It’s almost midnight and I think I’ve cried at least three times today. The first time was this morning, up bright and early at the pediatrician’s office. I’d made an appointment the night before when my daughter was up coughing with an escalating fever. Frantically, I logged onto the online portal and scheduled a visit for 9:15 a.m. that next day. Of course, she woke up feeling cool as a cucumber and acting like her usual self. Still, I took her in to make sure, especially since this has been one of the worst flu seasons ever.
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So there I was with a totally off-the-wall, energetic child, waiting on a doctor who’s so beloved by our community that walk-in patients arrive half an hour before the doors open just to request an appointment with him. One hour later than our designated time, we finally got the chance to talk to him. In the meantime, I’d read my daughter five books, let her watch two episodes of Sesame Street and taught her every move to the Macarena.
It was just a virus, so I was given a prescription and sent on my way. The combination of sheer relief, coupled with exhaustion from being up the night before sent me reeling. I got in the car, buckled her in and felt my eyes well up as I gripped the steering wheel and headed to the pharmacy. I’d pulled myself together enough to enter the drive-through line when I realized that because my husband had started a new job a few weeks ago, we didn’t have our new insurance plan totally set up yet. That meant that even though we had coverage, we had no cards or policy numbers to show for it, so her prescription that should have been $4.00 was instead ringing up at $75.00. I’d literally pay a thousand dollars and then walk across a sea of burning coals for my children, so I paid it and went on my way. Cue the tears again.
I held it together pretty well for the rest of the day. It was pouring down rain and cold out, so we holed in, turned on the gas logs and watched old cartoon reruns until it was time for dinner. Then, when bath time and bedtime rolled around and neither kid acted like they could hear me at all and spent 30 minutes running around the room playing spaceship, I felt a few tears spring up again. Eventually, everyone calmed down and we actually had a pretty sweet night so all was well that ended well.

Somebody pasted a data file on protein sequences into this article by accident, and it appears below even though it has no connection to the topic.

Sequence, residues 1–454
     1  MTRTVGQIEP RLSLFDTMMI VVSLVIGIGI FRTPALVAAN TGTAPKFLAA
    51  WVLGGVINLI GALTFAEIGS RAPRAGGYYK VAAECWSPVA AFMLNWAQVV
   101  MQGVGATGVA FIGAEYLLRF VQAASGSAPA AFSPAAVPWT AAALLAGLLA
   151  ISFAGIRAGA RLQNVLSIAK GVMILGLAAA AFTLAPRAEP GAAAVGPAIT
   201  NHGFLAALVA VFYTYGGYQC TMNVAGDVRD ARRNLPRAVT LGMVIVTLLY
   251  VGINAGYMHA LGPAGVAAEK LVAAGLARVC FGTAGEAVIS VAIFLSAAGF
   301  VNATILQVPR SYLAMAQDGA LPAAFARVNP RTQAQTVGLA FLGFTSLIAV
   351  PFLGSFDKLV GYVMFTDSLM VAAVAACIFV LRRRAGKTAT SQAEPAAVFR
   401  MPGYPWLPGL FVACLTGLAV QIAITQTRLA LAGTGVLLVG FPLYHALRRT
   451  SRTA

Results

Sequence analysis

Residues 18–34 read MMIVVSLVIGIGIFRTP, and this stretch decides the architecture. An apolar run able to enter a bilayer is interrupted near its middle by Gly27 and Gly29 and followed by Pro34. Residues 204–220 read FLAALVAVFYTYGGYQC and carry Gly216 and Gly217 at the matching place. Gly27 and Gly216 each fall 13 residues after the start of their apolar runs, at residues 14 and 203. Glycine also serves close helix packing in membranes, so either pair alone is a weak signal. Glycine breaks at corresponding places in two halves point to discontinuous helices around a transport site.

I don’t think I’m an emotional wreck, though there are certainly times where I question that sentiment. Rather, I believe that as parents, we take every decision and moment to heart and that’s a heavy load to bear sometimes. Driving home today, I was reminded of a day about 10 years ago when I was in the thick of planning my wedding. I’d worked a very long, full day as a technical writer and I remember the sun was setting over the interstate. I was in a heated discussion with my husband about choosing a venue and picking out the menu and none of our ideas seemed to be meshing. I called him and we agreed to meet for pizza in town.
As soon as I got out of the car, I practically fell into his arms and started weeping. It felt like So Much and I was frustrated that we weren’t getting anywhere. He just held me and let me fall apart, then smoothed the hair back from my face. I’ll never forget what he said next. “You care so deeply. That’s one of the things I love about you.” The good news? Since then, I’ve lost my early-twenties hips, my natural hair color and my wrinkle-free complexion. We’ve added two babies to the mix, bought a house and both of us switched careers. Still, amid all the changes, I haven’t lost my penchant for over-caring. If I ever think I might have, all it takes is one excruciatingly long wait for the doctor to remind me that it’s still there.
It’s still in all of us and we’re tapping into it more often than we think. For all the mamas who go to bed at night wondering if that was enough, or feeling like maybe it wasn’t — I hear you. If you look at your baby sometimes and just well up at the sheer beauty and magnitude of it all, I hear you too. We feel deeply because we care just as deeply and that’s a well that doesn’t run dry.